Lava Lake’s emphasis on local lamb sales is timely in that it taps into a growing demand from customers who are interested in buying all-natural fresh food from local farms throughout Idaho. The Idaho Preferred program at the Idaho State Department of Agriculture promotes the sales of Idaho-grown food products, and it touts the concept of becoming a “locovore,” a term used to describe someone who eats foods and drinks beverages that have been grown, raised or produced within 100 miles of their home.
“I personally believe that the healthier we take care of ourselves earlier in life, the healthier we’ll be in our 60s, 70s and 80s,” Bennett says. “In Idaho, we have some of the best country in the world to raise all-natural products.”
CK’s Real Foods in Hailey prepares its meals with lots of locally grown food because consumers like it and want it, Weber says. “Right now we’re doing a ton of local produce. We’ve got about 20 farmers that we buy from and a couple of ranches as well,” he says. “It’s a big part of our theme here. It’s the real stuff!”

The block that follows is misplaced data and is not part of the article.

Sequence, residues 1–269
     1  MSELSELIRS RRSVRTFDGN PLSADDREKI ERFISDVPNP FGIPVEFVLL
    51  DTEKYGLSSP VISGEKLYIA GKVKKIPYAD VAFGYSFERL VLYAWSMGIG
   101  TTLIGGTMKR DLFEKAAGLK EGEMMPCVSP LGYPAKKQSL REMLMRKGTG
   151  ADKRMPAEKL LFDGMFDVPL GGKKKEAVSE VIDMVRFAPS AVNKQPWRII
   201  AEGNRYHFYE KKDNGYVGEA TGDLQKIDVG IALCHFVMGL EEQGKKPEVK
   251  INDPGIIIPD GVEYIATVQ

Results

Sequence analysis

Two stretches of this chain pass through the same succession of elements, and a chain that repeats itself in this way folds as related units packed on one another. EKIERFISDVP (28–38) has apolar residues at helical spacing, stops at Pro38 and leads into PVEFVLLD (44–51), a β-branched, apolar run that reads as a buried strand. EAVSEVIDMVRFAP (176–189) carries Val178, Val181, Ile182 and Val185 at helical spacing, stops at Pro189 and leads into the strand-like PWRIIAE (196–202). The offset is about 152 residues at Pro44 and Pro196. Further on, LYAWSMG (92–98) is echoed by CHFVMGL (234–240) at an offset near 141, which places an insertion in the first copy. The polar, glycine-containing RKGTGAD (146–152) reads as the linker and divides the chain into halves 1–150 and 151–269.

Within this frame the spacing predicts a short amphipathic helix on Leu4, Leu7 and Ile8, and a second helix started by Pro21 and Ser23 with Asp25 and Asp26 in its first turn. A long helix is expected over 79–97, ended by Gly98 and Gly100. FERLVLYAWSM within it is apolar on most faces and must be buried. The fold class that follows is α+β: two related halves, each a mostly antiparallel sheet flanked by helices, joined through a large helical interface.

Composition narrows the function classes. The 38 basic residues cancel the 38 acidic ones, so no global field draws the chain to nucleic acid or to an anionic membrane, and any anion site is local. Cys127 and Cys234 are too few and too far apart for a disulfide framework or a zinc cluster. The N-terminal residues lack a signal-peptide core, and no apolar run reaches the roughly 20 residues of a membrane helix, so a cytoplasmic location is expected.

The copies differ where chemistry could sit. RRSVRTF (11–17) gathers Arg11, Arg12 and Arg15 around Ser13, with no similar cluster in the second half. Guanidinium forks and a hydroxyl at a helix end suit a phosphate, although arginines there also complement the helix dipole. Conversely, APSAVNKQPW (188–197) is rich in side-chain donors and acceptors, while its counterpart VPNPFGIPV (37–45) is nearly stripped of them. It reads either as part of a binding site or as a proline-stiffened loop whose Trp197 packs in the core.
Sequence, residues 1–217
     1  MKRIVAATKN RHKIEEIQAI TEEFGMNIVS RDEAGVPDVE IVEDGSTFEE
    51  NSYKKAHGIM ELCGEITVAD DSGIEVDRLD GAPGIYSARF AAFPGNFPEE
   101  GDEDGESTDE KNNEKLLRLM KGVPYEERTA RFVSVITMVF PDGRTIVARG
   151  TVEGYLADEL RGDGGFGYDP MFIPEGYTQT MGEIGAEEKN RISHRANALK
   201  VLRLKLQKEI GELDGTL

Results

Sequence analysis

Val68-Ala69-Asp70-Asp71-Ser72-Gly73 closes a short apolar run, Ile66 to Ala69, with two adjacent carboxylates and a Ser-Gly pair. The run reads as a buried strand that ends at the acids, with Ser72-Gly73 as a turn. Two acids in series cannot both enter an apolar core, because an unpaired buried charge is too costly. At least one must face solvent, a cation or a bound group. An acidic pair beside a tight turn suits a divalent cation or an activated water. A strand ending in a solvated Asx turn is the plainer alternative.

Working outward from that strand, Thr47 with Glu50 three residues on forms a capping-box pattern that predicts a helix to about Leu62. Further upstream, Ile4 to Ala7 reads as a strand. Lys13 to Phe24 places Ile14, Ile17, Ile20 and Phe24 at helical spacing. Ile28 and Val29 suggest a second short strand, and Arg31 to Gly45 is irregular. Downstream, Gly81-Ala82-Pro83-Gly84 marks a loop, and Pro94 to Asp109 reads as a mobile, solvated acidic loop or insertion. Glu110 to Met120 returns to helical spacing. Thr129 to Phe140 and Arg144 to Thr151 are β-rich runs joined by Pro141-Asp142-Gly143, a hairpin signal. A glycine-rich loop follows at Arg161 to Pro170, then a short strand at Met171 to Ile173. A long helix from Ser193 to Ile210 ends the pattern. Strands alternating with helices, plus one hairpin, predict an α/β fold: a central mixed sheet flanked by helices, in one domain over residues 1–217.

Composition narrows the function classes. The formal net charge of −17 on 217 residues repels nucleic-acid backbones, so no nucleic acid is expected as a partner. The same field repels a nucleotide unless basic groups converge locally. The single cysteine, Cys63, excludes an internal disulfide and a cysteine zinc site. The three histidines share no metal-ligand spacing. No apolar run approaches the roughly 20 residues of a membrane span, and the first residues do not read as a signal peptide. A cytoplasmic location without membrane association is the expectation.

Idaho also has seen tremendous growth in the number of farmer’s markets operating throughout the state, allowing local farms to sell fresh foods and beverages directly to residents. Lava Lake has been a fixture at the Hailey and Ketchum Farmer’s Markets for a number of years.
Bennett pulls a sampling of lamb cuts out of her cooler. “They’re ready to go. They’re clean. See how there’s hardly any fat on them? So when you cook them, you don’t have to do anything to them. They’re ready to go.”